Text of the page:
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You'll write better code if you do the work to move code into external resources.Inline style is treated in the same way: both the tags should be consolidated into external stylesheets to protect against a variety of surprisingly clever data exfiltration methods that CSS enables.For example, the Google 1 button at the bottom of this page loads and executes code from HTTP header, which allows you to create a whitelist of sources of trusted content, and instructs the browser to only execute or render resources from those sources.Even if an attacker can find a hole through which to inject script, the script won't match the whitelist, and therefore won't be executed.This is a huge problem, as browsers trust all of the code that shows up on a page as being legitimately part of that page's security origin.
The list below represents the state of the directives as of level 2. Regardless of the header you use, policy is defined on a page-by-page basis: you'll need to send the HTTP header along with every response that you'd like to ensure is protected.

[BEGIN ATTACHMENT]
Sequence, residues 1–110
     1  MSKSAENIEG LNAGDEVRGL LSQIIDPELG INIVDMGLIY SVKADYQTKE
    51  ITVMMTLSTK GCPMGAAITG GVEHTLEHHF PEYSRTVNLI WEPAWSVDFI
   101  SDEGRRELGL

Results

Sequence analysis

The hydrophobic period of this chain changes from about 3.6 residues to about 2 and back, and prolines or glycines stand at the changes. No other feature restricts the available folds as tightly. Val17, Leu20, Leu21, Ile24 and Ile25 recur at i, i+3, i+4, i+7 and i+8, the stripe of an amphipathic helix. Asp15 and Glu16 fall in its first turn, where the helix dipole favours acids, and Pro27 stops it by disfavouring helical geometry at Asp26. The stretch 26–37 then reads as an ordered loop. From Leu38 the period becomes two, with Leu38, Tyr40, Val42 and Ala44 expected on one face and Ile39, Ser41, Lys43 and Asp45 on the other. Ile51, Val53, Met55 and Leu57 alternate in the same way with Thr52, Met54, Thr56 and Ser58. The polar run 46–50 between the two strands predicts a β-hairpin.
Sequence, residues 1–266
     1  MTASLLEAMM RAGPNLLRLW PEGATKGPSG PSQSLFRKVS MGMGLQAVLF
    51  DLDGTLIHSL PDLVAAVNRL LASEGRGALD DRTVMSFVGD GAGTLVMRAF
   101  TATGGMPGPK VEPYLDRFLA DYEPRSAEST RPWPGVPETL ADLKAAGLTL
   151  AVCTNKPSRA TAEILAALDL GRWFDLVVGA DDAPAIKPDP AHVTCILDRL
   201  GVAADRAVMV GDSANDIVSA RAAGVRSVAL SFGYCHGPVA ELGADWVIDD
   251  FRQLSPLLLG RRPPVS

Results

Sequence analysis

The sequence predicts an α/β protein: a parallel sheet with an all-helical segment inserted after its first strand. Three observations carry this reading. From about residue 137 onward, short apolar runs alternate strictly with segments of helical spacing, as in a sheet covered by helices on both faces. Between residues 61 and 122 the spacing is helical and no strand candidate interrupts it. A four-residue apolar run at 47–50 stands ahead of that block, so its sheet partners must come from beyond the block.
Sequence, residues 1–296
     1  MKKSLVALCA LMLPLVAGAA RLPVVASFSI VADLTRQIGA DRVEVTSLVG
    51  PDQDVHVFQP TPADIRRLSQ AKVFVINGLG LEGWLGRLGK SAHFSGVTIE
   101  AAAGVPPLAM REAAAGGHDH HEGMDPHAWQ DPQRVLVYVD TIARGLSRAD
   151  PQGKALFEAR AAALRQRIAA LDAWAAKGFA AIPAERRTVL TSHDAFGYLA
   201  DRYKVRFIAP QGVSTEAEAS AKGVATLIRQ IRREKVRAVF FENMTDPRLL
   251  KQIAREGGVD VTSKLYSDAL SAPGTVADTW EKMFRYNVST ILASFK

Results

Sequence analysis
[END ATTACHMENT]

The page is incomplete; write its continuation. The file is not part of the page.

If an attacker successfully injects code at all, it's pretty much game over: user session data is compromised and information that should be kept secret is exfiltrated to The Bad Guys. This overview highlights a defense that can significantly reduce the risk and impact of XSS attacks in modern browsers: Content Security Policy (CSP).
The issue exploited by XSS attacks is the browser's inability to distinguish between script that's part of your application and script that's been maliciously injected by a third-party.
CSP solves this problem by banning inline script entirely: it's the only way to be sure.
This ban includes not only scripts embedded directly in The rewritten code has a number of advantages above and beyond working well with CSP; it's already best practice, regardless of your use of CSP.